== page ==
• Technical, because that is beyond what our mods can do. It would require intervention from someone higher up in the SE hierarchy.
    – two sheds
    Aug 7 '15 at 18:21
  • Thank you, I admit I don't know much about the 'insides' of SE. But if we can drum up support for the idea here then we can take it further up the chain
    – Ne Mo
    Aug 7 '15 at 18:23
  • We have in the past done a "Topic of the Week" contest. It didn't go over very well, but that was a long time ago with a much smaller userbase. Perhaps it might work better now? I don't know that I have the time or organizational skills to run such a thing myself, but I certainly have some spare rep I could donate.
    – T.E.D. Mod
    Aug 7 '15 at 21:02
  • Does someone on this board control the community account? It would be kind of messy, but if we give this account some rep, by upvoting a meta post by community, we can then use the community account to award bounties to answers of priority questions. It's very generous of you to offer some of your own rep and I encourage that heartily. I think that good old community account could do that too!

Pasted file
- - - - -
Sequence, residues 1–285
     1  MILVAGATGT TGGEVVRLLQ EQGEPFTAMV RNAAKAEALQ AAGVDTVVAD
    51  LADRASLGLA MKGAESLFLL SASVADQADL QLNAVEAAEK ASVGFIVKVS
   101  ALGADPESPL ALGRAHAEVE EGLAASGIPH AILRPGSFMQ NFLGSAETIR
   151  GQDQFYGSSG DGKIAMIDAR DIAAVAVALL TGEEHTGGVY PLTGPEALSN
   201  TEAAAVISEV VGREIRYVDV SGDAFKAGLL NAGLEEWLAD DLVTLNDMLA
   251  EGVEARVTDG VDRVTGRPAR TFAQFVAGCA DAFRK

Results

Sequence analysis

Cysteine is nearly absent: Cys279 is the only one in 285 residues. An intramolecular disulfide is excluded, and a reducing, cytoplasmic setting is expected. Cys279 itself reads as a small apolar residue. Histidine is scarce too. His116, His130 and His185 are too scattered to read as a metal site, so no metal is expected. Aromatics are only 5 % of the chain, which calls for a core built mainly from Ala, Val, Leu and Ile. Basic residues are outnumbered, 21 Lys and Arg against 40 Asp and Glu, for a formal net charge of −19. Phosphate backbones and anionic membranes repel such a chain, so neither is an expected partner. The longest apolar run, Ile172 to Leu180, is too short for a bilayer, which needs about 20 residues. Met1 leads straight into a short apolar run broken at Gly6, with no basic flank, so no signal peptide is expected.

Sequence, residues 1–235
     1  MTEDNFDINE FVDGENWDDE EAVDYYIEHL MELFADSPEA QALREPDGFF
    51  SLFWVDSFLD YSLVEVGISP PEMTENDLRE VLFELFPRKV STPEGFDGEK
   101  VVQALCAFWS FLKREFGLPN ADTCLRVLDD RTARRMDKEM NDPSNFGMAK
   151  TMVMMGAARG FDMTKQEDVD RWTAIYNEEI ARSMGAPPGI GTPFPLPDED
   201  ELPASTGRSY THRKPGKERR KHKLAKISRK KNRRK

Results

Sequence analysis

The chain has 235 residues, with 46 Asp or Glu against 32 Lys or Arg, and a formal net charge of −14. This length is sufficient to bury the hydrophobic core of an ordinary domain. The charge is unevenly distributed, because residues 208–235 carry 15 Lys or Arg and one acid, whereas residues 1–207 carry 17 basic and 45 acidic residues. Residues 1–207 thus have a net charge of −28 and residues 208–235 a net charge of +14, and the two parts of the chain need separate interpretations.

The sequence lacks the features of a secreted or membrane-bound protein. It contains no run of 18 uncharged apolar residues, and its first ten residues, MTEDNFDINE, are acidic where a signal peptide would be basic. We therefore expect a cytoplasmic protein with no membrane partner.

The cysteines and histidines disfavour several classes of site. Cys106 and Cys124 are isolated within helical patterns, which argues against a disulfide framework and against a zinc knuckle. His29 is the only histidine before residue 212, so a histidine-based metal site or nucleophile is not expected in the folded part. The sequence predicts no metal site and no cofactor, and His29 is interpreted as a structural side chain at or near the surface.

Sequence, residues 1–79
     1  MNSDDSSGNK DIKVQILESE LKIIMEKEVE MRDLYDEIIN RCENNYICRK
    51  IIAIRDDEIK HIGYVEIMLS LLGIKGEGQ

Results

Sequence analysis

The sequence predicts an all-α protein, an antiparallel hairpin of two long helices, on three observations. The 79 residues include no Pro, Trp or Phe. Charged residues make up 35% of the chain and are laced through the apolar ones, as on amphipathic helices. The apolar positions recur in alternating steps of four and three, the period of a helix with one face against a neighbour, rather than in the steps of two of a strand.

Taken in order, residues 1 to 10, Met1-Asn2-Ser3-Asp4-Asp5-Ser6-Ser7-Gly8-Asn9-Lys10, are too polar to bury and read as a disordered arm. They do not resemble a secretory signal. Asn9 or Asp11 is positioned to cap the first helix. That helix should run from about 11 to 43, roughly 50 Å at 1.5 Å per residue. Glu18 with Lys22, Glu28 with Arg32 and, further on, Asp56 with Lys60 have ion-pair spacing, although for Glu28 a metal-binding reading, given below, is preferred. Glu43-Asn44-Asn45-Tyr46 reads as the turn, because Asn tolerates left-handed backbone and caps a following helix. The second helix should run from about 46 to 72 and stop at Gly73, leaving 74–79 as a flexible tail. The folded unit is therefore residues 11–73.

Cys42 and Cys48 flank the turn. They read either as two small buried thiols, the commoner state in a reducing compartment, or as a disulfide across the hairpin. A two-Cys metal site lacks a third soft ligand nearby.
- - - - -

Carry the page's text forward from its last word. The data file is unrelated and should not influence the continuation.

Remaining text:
– Ne Mo
    Aug 8 '15 at 12:13
  • 2
    Topic of the week worked pretty well until it fizzled out on some really obscure topics, imho. Maybe we could revive that but use broader topics, i.e. ones that focuses on a whole region and/or a few centuries at a time.
    – Semaphore Mod
    Aug 11 '15 at 20:05

We have a shortage of people who ask good questions about non-American topics. We need to attract such people to the site. How can we advertise that we're interested in a broad range of topics?

I think we need to game the "hot network posts" system to make sexy non-American questions visible to the general SE population. Posts go "hot" when they have more than one answer, and question and answers have high scores.